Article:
• During the Battle of Fredericksburg, an aurora was seen from the battlefield.

Forecast says rain and snow, so we will see.

For convenience, I plan to use Reykjavik Sailors:




I figure the added possibility of mobility will increase the odds. There are plenty of opportunities to see them in Norway, so I’ll give it a shot there.


Mozilla Releases Firefox 57, AKA Quantum

Mozilla has a new version of Firefox called Quantum, or version 57. It is a near-total rewrite. Firefox had fallen behind in speed over the years, but many, many people still had a fondness for the open-source browser, even though it’s speed was much, uchslower than Chrome and Safari.

I’ve been teting the new version on Apple and Windows products, and am changing my default browser for a few days to get a real-world feel for how it works. So far, so good.

The Linux Gamer has a quick rundown on the practical reasons why he is blown away, and it is not all about speed or battery life specs:

Insecurity Are Us: Why the NSA Breach Has Harmed Everyone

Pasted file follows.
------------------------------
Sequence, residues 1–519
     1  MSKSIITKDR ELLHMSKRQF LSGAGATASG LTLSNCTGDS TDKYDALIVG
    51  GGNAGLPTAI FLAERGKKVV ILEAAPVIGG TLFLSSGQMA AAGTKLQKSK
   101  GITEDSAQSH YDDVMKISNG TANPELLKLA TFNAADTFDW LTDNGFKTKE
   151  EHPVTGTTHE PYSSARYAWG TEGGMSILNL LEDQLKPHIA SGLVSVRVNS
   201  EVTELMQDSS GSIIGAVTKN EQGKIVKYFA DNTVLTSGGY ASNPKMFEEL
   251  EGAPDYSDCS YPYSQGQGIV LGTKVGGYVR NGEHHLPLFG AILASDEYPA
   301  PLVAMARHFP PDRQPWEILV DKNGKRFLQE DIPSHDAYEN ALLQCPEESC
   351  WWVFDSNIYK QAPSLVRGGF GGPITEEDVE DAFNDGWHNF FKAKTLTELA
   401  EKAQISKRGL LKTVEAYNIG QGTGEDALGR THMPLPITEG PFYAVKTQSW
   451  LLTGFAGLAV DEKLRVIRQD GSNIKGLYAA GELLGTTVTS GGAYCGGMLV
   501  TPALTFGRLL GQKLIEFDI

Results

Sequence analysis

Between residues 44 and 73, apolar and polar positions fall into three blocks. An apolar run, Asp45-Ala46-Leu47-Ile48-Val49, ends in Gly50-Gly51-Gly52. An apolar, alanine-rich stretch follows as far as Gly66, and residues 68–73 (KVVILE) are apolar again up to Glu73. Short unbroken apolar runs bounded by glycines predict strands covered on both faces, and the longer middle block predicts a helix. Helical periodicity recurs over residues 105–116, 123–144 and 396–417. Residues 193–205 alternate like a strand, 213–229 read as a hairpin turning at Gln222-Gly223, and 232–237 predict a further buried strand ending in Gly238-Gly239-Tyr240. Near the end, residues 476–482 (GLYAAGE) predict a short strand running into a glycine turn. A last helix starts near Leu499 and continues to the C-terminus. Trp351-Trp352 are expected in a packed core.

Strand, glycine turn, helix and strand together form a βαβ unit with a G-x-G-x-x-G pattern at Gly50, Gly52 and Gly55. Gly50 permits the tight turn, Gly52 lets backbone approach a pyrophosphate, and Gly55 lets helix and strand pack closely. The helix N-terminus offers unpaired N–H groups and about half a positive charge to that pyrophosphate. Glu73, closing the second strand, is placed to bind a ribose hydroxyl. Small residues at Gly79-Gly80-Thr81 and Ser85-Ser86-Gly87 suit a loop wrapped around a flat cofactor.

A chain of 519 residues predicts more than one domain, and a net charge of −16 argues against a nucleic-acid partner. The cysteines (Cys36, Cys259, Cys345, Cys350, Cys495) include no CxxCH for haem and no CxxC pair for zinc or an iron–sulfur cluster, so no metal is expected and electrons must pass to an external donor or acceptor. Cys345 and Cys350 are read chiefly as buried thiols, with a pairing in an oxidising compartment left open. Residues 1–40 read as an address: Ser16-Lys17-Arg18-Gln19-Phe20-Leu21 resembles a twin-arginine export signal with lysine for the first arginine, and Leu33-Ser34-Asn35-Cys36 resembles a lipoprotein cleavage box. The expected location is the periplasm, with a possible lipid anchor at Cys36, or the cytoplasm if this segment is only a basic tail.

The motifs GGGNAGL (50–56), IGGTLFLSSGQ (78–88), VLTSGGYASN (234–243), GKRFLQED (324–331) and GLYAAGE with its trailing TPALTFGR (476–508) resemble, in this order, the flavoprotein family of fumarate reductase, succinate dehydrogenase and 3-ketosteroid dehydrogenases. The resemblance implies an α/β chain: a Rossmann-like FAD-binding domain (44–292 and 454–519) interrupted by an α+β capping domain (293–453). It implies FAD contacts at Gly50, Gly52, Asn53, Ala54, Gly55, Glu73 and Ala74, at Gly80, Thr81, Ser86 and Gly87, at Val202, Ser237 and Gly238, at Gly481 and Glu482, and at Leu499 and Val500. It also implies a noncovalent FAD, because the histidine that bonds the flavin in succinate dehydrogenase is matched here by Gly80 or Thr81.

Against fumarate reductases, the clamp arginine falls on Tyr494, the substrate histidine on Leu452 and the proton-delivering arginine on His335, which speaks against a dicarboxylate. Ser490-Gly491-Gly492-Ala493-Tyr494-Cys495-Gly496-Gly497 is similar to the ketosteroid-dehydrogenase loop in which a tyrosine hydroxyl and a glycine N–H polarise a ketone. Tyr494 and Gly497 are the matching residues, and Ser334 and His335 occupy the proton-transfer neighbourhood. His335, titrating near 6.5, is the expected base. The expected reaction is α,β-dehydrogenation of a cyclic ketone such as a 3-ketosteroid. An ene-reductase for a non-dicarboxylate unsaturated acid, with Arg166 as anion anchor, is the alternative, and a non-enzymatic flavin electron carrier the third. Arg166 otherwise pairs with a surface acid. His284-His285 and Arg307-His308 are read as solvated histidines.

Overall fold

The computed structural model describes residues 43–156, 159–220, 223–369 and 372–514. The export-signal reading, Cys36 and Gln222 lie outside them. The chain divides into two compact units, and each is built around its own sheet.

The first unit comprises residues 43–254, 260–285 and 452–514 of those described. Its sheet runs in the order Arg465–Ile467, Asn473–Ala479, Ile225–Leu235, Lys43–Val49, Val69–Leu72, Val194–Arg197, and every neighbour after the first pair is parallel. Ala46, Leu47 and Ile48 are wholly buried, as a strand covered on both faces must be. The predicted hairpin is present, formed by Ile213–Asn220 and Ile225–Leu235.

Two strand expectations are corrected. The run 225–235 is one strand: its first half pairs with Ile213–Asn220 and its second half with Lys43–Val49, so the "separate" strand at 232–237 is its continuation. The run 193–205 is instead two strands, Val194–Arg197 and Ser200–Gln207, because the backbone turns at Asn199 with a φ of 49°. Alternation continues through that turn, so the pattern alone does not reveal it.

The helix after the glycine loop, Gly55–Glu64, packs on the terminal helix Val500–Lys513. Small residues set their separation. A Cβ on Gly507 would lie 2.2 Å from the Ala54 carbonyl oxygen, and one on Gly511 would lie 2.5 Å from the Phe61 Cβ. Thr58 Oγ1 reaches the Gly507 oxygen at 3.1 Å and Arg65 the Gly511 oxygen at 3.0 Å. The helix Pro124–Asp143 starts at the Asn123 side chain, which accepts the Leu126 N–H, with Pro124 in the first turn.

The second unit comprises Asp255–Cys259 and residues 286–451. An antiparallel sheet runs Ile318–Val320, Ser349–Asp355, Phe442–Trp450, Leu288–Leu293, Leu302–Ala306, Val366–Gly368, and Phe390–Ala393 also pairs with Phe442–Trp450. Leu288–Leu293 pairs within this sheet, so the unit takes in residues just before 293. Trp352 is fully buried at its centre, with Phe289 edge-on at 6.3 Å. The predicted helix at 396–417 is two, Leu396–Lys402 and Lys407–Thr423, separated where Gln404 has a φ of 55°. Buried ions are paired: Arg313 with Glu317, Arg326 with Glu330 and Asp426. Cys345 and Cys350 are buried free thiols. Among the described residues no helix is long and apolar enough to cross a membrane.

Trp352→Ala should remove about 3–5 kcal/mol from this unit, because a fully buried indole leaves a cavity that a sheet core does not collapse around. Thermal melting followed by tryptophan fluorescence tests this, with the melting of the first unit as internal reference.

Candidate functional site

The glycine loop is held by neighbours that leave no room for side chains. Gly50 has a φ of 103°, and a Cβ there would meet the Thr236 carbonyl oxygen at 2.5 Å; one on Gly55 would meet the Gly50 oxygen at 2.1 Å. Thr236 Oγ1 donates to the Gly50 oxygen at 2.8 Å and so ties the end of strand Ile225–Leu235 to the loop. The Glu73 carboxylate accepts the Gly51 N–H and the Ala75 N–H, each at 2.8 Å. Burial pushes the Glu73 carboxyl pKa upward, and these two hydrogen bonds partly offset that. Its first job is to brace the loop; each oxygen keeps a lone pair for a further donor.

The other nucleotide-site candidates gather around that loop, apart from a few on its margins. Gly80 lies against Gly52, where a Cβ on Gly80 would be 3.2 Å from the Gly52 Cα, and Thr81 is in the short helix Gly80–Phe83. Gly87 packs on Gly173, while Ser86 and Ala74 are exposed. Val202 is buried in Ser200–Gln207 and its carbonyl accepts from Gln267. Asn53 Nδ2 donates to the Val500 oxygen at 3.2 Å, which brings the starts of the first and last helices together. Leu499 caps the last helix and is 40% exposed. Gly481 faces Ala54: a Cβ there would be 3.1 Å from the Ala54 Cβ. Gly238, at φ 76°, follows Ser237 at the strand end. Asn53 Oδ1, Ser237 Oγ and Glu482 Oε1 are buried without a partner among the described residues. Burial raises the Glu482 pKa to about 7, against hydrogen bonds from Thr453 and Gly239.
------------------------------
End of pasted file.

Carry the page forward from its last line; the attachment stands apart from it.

The NSA, presumably the most stalwart of the United States’ cybersecurity organizations, was infiltrated by a group know as the Shadow Brokers over a year ago. The group stole the NSA’s hacking tools, and provided them to everyone for money. State-sponsored hacking never had it so easy.

These hacking tools are causing miilions, if not billions, of dollars of harm all over the world, including small businesses and individuals. The recent cryptoware WannaCry was spread worldwide by use of the NSA’s lost tools:

Millions of people saw their computers shut down by ransomware, with demands for payments in digital currency to have their access restored. Tens of thousands of employees at Mondelez International, the maker of Oreo cookies, had their data completely wiped. FedEx reported that an attack on a European subsidiary had halted deliveries and cost $300 million. Hospitals in Pennsylvania, Britain and Indonesia had to turn away patients. The attacks disrupted production at a car plant in France, an oil company in Brazil and a chocolate factory in Tasmania, among thousands of enterprises affected worldwide.